Sailboat Refinishing [NOOK Book]

Overview

Make your boat shine again



No improvement to a tired-looking boat will have a more dramatic impact than refinishing, and few tasks ...

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Sailboat Refinishing

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Overview

Make your boat shine again



No improvement to a tired-looking boat will have a more dramatic impact than refinishing, and few tasks are easier. Here is everything you need to achieve a fabulous finish on your fiberglass boat’s bottom, topsides, deck, spars, wood trim, and belowdeck surfaces while saving time, money, and grief.



What reviewers have said about Don Casey's boat maintenance books:



“Astonishingly clear text and illustrations. The reader can almost feel the hand-holding this book provides through each step.”--Dockside



“I own many books filled with advice, but I strongly suspect that this is the one I will consult most.”--Sailing



“Casey makes tricky points clear in hundreds of illustrations and lively prose.”--SailNet



“If you have an older sailboat, you need this book.”--The Ensign

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Product Details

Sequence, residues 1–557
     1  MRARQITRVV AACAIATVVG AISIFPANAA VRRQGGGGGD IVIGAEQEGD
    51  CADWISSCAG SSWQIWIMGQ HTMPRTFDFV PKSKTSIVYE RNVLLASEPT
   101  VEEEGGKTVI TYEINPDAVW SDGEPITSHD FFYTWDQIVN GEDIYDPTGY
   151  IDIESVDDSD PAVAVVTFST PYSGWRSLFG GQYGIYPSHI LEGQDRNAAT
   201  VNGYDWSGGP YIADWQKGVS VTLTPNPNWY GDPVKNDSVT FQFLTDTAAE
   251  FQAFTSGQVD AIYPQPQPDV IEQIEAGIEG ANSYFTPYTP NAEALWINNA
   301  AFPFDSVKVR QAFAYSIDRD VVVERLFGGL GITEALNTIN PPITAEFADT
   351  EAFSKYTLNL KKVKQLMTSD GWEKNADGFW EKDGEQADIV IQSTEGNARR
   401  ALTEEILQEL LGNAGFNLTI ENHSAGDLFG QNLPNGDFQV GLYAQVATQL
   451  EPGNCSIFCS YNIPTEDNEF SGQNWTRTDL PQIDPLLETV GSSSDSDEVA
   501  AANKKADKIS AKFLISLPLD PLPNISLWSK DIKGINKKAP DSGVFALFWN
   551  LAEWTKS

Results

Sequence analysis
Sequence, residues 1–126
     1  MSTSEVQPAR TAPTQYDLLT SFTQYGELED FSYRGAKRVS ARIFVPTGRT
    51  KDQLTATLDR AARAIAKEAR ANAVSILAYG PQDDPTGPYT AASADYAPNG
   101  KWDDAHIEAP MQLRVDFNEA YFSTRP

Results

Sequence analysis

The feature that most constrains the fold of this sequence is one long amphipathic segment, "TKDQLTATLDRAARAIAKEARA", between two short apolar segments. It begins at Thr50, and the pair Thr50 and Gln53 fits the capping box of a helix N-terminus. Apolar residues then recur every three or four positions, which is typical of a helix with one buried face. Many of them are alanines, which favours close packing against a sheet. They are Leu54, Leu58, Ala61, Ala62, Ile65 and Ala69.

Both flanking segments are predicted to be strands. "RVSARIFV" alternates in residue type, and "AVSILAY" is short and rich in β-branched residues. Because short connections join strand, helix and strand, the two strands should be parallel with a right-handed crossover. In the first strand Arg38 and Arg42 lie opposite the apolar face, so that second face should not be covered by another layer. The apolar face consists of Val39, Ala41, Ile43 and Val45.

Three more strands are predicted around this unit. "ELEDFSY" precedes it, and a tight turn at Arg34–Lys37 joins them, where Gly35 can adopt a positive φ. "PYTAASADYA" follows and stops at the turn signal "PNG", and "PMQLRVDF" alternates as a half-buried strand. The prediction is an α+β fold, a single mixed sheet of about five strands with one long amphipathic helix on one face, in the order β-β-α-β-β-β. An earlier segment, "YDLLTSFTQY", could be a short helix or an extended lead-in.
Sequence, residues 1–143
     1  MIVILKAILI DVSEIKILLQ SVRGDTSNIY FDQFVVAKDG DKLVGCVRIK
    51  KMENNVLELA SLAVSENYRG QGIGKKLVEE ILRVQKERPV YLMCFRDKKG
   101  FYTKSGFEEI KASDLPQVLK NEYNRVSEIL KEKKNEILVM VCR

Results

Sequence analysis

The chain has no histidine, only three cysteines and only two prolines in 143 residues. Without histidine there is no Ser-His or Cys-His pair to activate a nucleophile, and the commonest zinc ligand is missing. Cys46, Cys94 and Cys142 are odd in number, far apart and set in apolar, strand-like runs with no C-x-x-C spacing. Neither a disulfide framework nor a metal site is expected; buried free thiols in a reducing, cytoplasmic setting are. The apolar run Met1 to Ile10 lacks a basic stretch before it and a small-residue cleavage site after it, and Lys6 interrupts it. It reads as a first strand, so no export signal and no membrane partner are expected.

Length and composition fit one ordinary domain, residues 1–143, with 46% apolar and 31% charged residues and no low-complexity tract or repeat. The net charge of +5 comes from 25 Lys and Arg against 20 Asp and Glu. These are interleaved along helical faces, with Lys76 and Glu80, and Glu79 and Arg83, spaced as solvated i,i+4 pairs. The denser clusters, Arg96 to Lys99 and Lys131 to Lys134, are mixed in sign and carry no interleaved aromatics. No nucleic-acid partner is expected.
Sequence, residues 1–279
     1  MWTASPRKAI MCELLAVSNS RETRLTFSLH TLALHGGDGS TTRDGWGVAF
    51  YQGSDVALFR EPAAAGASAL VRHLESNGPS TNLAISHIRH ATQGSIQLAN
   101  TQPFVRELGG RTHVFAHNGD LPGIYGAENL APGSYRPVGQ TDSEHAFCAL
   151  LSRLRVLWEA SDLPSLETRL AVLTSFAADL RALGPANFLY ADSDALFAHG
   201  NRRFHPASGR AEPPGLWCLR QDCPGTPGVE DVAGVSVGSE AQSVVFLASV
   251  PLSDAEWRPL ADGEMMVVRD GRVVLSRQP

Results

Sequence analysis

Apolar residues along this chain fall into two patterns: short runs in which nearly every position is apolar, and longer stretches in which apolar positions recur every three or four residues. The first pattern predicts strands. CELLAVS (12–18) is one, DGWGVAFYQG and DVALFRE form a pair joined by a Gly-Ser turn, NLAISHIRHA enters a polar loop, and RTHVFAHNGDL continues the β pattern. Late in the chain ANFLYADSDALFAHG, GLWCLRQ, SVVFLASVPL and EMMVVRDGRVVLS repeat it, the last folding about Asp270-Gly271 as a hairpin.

• ISBN-13: 9780071508995
  • Publisher: McGraw-Hill Education
  • Publication date: 2/20/2007
  • Sold by: Barnes & Noble
  • Format: eBook
  • Edition number: 1
  • Pages: 144
  • Sales rank: 485,516
  • File size: 11 MB
  • Note: This product may take a few minutes to download.

Meet the Author

Don Casey is the author of the universally praised This Old Boat, which has led thousands of boat owners through the process of turning a run down production boat into a first-class yacht.

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Read an Excerpt

SAILBOAT REFINISHING


By DON CASEY

The McGraw-Hill Companies, Inc.

Copyright © 2013 Don Casey
All rights reserved.
ISBN: 978-0-07-150899-5


Excerpt

CHAPTER 1

THE BASICS


Good results depend as much on selecting the right product as on application technique. To help you choose wisely, this initial chapter contains use and application information for common marine coatings and systems. Also included is the life expectancy of the resulting finish and the safety precautions, if any, that are required.